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Rated: 18+ · Short Story · Contest Entry · #2212168
The playground was no place for kids. Screams!!! 2/5/2020.
Play Time

Marty always led the way. Even if he took it slowly, any younger kids that might still be around would scatter at his approach. If he went in stomping and hollering and waving his arms, they'd not be able to flee fast enough.

If I'm honest, I hated the way we instilled fear and took over the playground. I didn't dare speak up though. Not only would I be cast out of the group, but I'd be banished in what would surely be a humiliating way.

Brynn was the last to have spoken up, and boy, Marty gave him such a beating before tossing him into the river. He'd been my mate up until then, and I'd managed to hang back long enough to make sure that Brynn made it out of the river okay. He's not spoken to me since and I can't blame him.

Marty pulls the packet of cigarettes from his pocket and lights one up. Gabby and Phil are soon copying him, and Frankie is reaching for his inside pocket. Did he get it? He'd kind of promised, so for his sake I hoped he'd not let Marty down. Yes! An almost full bottle of whiskey that he'd stolen from his Dad.

Marty held out his hand. As self-elected leader, he'd be entitled to the first of anything and no one was going to say differently. He took a long swig from the bottle before handing it back. Frankie took a swig then handed the bottle around. The level of the liquid was going down fast but that was okay. I had, in my own pocket, another bottle that was still half full. I just hoped my Dad didn't notice that it was gone.

Feeling the alcohol kick in, I watched for a while as Marty climbed up to sit on top of the swing frame, kicking out as Gabby swung higher and higher. He'd not get a chance of reaching her and really, he was the one more likely to get hurt. I chuckled then turned my attention towards the others.

Becca and Frankie climbed onto the roundabout. I grabbed hold of one of the bars and ran, setting the whole thing spinning as fast as I could. As I was catching my breath, I caught sight of them; what looked like a couple of kids that couldn't be any older than nine or ten. There could be no doubt about it; they were heading straight towards the playground.

Marty was facing the other way. He wouldn't have seen them yet. I toyed with the idea of warning them somehow, getting them to turn back before it was too late. That was until I heard Phil call out, and then I knew I was too late.

"Looky, looky! What have we got here?"

Marty did a pretty impressive somersault that took him down to the ground. I could see the gleam in his eyes. He was drunk enough, crazy enough, to take things way too far. His posture was deceptively relaxed as he watched and, when they were near enough to see, beckoned them forwards.

"Well, hello children." Marty's words slurred slightly. "What do you think you are doing?" Suddenly he dashed forward, raced around them, removing their option to turn and run back the way they had come. "You're too late; the park is ours now."

We gathered together, waiting for our instructions. We didn't dare to do anything else, but there was something off about the entire scene. These kids, they should have been cowering, trying to get away by now. Instead they stood side-by-side, with no sign of being put off.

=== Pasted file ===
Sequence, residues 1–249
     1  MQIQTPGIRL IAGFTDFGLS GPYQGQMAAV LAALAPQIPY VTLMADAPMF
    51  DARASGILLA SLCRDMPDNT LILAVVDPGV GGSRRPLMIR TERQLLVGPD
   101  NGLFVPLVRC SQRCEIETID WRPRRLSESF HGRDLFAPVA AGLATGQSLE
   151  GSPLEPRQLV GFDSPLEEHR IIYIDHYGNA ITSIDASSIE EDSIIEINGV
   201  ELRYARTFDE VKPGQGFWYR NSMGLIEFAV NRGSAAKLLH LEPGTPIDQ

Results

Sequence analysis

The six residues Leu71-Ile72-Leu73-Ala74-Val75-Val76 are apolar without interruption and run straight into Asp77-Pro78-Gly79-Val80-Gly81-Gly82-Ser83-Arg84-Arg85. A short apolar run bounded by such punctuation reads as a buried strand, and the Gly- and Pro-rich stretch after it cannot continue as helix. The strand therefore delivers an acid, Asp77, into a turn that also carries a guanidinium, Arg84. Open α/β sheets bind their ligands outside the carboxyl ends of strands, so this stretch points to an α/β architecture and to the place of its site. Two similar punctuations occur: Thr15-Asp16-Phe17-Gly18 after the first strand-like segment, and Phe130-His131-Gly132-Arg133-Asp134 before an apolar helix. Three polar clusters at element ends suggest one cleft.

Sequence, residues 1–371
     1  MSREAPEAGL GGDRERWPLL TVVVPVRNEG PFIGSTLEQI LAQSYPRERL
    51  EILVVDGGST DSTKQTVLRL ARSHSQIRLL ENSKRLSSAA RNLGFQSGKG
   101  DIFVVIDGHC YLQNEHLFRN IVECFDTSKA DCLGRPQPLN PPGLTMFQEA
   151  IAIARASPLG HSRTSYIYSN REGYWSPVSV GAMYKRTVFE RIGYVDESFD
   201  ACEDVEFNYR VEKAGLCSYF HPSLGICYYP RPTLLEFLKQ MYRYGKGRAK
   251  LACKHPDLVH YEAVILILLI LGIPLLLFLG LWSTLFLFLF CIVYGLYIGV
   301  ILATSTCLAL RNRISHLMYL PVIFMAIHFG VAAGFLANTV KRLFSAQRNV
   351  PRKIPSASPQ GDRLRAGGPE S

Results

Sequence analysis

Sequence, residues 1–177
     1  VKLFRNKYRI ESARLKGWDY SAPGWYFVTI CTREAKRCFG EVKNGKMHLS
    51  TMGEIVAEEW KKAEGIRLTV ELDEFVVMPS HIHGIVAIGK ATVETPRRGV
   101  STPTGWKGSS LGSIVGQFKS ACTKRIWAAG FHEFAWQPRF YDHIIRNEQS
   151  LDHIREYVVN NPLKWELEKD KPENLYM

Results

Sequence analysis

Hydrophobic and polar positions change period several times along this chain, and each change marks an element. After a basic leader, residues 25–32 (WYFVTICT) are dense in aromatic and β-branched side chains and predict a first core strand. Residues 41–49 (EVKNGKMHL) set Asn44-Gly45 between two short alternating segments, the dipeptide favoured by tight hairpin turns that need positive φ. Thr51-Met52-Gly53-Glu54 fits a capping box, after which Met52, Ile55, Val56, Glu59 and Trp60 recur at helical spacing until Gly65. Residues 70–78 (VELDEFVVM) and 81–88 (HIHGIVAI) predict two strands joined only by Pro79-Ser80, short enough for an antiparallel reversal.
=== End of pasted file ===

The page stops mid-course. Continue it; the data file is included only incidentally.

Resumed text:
They turned, and slowly, deliberately, headed towards the see-saw. Marty nodded at Phil, who ran and leaped up onto the center fulcrum. "Uh uh," he said before he appeared to be lifted up into the air and thrown a good six feet from the playground apparatus.

Becca and Frankie closed in on the kids who, I saw, seemed quite untroubled by the accident. Phil was up on his feet, brushing himself down. I could sense his anger, directed at the see-sawing children, yet I knew that neither of them had laid a hand on him.

Phil strutted forwards, his hands clenched into fists. He pushed past both Becca and Frankie and towered above the kids who had climbed from the see-saw to stand and watch. He thumped out with a fist. I was about to call out; watching them pick on kids our own age was one thing, but these were a good six years younger. Before I had made so much as a sound I saw his arm freeze then draw back and twist.

I could hear the bone crack from where I stood. Phil yelped in pain, dropped to his knees, his good arm clutching his injured one. Frankie and Marty rushed from both sides. One of the kids turned, so that each faced an opponent. Both of my mates seemed to freeze mid-stride.

Becca kept on going until she suddenly grasped her head with both of her hands. Her face twisted into a grimace of pain as she dropped to the ground, first onto her knees and then on her side.

What was I seeing? It made no sense to me.

One of the kids walked right by me, leading Frankie behind as though he were on an invisible leash. I could see him struggling not to take a seat on the swing but whatever was controlling him was too strong for him to resist. His back arched and I watched in open-mouthed horror as his stomach seemed to split apart, his intestines spilling out and wrapping themselves around the chains that held up the seat.

I bent forward and vomited onto the ground. As I straightened up, my eyes were caught by the roundabout that was now turning slowly. Marty was laying on top of it, his arms stretched out and held in place by some kind of wire. Where it had come from I didn't know, but it was slicing its way through his wrists and blood was spurting everywhere.

Call me a coward if you like, but I turned and ran, pretending to myself that I did not hear Gabby's screams coming from behind me. I just hoped the kids would have enough to keep them amused without them dragging me into playing their 'games' too.

(1073 words)

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